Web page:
In addition to pain and suffering, most personal injury cases cause the injured party to incur medical treatment and associated costs. However, depending upon certain contracts of the health care provider, the amounts charged for medical treatment can far exceed the amount of the financial obligation of the patient to the medical provider. How does Missouri law treat a claim for medical expenses?
Missouri Revised Statute Section 490.715(5)(1) provides in pertinent part that, “parties may introduce evidence of the actual cost of the medical care or treatment rendered to a plaintiff or a patient whose care is at issue.” The statute defines actual cost as “a sum of money not to exceed the dollar amounts paid by or on behalf of a plaintiff or a patient whose care is at issue plus any remaining dollar amount necessary to satisfy the financial obligation for medical care or treatment by a health care provider after adjustment for any contractual discounts, price reduction, or write-offs by any person or entity.” See § 490.715(5)(2).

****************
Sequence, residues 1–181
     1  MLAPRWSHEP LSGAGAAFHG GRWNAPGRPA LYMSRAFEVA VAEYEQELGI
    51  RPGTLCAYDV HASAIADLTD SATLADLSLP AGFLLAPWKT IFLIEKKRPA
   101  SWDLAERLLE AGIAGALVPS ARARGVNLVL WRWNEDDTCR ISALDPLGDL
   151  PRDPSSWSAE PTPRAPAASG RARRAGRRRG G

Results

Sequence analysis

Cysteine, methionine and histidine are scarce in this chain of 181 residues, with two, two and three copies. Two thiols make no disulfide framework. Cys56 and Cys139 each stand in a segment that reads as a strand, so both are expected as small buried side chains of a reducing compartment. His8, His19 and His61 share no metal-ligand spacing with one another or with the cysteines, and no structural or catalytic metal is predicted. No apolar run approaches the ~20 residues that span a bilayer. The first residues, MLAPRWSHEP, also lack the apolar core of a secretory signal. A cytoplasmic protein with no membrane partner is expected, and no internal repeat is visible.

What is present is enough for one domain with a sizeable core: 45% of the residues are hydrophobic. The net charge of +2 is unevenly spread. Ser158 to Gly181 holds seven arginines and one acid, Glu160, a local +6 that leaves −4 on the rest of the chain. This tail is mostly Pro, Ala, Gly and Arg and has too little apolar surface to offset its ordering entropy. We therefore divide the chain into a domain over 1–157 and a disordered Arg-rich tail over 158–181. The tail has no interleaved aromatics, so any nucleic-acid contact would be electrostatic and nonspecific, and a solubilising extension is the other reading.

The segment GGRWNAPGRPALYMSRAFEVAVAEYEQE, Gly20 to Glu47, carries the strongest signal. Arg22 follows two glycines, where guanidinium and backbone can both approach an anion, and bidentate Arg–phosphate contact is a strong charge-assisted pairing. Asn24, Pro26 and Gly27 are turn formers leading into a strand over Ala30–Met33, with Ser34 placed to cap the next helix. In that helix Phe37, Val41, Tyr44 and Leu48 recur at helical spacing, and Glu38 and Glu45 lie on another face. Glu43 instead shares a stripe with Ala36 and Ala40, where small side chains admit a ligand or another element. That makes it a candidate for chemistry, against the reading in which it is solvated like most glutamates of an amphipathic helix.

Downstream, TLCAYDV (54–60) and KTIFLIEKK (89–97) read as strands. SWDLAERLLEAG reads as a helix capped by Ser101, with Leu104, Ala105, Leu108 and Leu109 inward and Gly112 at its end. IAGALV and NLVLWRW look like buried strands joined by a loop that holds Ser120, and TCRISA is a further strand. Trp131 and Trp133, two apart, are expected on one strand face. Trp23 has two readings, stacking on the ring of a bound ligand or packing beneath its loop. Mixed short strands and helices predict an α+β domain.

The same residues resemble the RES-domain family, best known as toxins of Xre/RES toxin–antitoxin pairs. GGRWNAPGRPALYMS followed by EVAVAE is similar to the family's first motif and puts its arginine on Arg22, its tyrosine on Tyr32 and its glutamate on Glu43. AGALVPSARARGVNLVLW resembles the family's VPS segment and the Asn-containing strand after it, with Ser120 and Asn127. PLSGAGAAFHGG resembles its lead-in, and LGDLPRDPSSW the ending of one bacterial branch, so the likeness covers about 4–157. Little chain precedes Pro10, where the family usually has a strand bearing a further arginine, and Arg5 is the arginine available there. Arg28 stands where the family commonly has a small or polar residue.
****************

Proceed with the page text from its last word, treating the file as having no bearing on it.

Although this statute discusses admission of the dollar amount which represents the amount necessary to satisfy the financial obligation for medical treatment, in Brancati v. Bi-State Dev. Agency, 571 S.W.3d 625, (Mo. App. E.D. 2018), the Missouri Court of Appeals seized upon the language “may introduce” and held that an injured party may also introduce into evidence the charged amounts of the medical bills. The Court concludes that charged amounts are admissible given the above referenced statute does not specifically preclude charged amounts.
Given that many believe the Missouri legislature is at odds with the interpretation of the Missouri Eastern District Appellate Court, we expect to hear more on this topic in the future. However, based upon current Missouri law, if an injured party decides to make a claim for medical expenses, both the amounts charged and the amounts due and owing will be admissible.